News / USA

Gulf Coast Scientists Measure Fish Populations Before Oil Spill Hits

Researchers also race against time to train people to de-oil birds

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Nathan King

As oil from the major spill in the Gulf of Mexico reaches land, scientists are in a race against time.

Just off the Alabama coast, on Dauphin Island, researchers are hurrying to take fishing population samples, train people to help de-oil birds and ask hard questions about the containment operation and its effect on the environment.

Race against time

Young scientists are frantically collecting fish as the oil continues to spread.

Scientist are studying fish populations before the oil spill reaches Dauphin Island so they can later determine how the oil spill affects fish stocks in the Gulf of Mexico.
Scientist are studying fish populations before the oil spill reaches Dauphin Island so they can later determine how the oil spill affects fish stocks in the Gulf of Mexico.

They want to get a handle on the size of the fish populations before the damage is done so they can work out later just how the oil spill affects fish stocks in the Gulf of Mexico.

The samples are packed in ice and shipped off to Dauphin Island Sea Lab - a major research facility for marine animals birds and plants.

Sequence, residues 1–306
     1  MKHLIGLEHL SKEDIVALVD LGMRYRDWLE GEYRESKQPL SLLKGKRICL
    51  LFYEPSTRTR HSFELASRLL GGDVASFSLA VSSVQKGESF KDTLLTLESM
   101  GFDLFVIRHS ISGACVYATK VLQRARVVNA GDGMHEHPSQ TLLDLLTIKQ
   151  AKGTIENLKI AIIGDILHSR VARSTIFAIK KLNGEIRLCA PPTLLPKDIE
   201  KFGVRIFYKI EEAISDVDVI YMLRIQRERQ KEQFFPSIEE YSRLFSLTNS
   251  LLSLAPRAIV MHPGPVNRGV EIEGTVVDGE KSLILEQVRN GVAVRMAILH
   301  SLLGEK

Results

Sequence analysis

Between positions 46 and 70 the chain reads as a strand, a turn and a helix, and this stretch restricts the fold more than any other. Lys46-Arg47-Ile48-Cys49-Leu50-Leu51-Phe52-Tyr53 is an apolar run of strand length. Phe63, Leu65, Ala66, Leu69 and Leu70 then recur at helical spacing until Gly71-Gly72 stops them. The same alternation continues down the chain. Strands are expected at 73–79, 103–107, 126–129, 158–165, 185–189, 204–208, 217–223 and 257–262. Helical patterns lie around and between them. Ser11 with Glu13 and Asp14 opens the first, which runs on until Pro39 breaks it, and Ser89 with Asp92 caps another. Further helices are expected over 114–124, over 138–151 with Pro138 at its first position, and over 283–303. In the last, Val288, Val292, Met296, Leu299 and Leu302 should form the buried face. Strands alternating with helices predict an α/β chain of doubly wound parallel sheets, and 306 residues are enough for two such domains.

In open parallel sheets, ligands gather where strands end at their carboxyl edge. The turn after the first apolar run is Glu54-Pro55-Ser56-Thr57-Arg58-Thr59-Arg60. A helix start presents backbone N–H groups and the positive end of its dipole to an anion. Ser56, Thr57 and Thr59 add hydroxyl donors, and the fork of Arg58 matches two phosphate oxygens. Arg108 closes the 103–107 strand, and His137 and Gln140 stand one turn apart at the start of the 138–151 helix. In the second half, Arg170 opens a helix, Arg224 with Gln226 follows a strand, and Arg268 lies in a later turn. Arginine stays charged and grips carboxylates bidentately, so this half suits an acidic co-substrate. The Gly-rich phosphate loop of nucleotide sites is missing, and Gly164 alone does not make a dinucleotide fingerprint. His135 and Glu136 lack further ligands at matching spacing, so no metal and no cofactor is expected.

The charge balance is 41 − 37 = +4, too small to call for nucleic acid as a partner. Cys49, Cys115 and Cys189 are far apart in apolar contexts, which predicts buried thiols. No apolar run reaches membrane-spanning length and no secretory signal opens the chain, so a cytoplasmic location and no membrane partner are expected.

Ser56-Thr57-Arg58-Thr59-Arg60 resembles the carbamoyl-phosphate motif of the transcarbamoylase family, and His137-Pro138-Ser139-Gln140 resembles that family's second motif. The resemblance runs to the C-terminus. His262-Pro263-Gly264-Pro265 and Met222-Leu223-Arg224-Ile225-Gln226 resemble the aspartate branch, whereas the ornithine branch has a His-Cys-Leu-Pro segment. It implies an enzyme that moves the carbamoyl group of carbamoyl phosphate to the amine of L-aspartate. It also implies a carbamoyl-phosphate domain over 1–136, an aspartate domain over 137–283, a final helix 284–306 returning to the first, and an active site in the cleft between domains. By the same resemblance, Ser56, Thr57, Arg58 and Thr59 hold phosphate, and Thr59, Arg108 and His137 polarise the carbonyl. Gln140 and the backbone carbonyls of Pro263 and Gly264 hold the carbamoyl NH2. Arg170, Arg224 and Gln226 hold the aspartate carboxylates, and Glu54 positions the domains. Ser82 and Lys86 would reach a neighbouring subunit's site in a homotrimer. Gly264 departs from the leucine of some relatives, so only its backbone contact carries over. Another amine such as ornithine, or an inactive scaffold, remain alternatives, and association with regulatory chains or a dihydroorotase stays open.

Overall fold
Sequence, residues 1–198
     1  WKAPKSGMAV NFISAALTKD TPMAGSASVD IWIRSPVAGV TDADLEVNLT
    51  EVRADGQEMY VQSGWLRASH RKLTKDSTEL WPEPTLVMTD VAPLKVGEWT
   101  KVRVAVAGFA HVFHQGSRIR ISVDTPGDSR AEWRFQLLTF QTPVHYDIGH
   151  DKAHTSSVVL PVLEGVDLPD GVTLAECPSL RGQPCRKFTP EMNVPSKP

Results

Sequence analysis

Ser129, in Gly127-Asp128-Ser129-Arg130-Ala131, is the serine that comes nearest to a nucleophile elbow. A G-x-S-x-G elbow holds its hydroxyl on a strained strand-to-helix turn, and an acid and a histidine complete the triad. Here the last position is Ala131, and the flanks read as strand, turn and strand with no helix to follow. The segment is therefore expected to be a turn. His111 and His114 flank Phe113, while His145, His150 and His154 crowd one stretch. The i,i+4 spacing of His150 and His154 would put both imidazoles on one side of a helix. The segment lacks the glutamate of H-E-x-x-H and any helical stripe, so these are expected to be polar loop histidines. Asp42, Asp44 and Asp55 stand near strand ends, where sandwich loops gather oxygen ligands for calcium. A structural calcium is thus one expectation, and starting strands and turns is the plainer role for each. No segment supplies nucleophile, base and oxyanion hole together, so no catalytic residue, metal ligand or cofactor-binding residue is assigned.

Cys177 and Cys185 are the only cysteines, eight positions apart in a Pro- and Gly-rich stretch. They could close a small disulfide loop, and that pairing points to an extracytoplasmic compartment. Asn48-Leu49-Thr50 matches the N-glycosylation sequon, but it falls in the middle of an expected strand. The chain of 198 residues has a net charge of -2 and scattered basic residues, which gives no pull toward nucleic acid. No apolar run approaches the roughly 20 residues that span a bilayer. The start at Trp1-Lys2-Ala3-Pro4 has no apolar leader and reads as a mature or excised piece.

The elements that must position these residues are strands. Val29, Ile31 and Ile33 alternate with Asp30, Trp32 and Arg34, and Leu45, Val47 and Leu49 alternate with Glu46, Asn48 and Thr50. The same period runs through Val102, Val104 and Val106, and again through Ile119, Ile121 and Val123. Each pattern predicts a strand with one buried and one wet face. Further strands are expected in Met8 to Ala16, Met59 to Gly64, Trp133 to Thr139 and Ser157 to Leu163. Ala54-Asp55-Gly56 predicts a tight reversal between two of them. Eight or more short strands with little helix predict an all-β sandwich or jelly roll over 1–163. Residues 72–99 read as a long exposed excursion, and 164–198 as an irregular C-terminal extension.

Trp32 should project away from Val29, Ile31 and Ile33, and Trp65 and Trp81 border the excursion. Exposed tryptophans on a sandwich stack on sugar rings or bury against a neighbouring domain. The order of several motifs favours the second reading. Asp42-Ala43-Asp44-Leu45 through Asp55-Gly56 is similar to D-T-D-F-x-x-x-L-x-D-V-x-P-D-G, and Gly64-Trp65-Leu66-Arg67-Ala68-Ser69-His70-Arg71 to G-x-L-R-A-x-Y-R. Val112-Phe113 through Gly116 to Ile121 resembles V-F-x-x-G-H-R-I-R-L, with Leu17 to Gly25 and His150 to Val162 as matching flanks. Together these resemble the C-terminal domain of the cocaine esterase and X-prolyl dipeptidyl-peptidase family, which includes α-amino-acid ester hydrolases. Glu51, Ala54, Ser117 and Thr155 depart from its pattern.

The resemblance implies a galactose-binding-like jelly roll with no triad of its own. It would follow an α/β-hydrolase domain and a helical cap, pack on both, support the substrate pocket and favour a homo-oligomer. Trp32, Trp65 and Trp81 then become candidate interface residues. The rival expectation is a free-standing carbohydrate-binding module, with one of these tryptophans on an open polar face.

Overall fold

"People have been scrambling to go out and gather data now, even if it is not on our regular sampling schedule to make sure we have pre-condition information that is really fresh and new and current and that and that we can do the best we can to sort of work as a group and a community to share that information," says Ruth Carmichael, a marine scientist who studies manatees at Sea Lab.

Dauphin Island is home to just over a 1,000 people, but it has more than 350 species of birds. Many of them, like the stately heron, feed on fish and other aquatic life.

Birds at risk

"Just imagine when those birds there are feeding they are diving into the water and so they are going to encounter oil," says John Dindo, Sea Lab's bird expert.

Dindo is preparing for the worst. He says all these birds rely on the sea for their food.

"That is an Osprey, that's a fish hawk. That's a diving bird, dives on fish," he says. "You watch. He'll come up out of water and he will turn into the wind and shake to shed the water."

The oil will make shedding that water very difficult and even a de-oiling effort on this island will have many casualties.

"Even the process of de-oiling birds has a high mortality rate because you are not only going to take off the oil that they encountered in the water but you are taking out their natural oils, and then temperature regulation becomes a very big factor," says Dindo. "So even after you are trying your best to save them, you still have mortality."

Even if the spill doesn't reach land, it affects the ecosystem out in the Gulf. Many larger animals in the water rely on subaquatic vegetation for food. Any measure of the impact will depend on how quickly the flow of oil can be stemmed.

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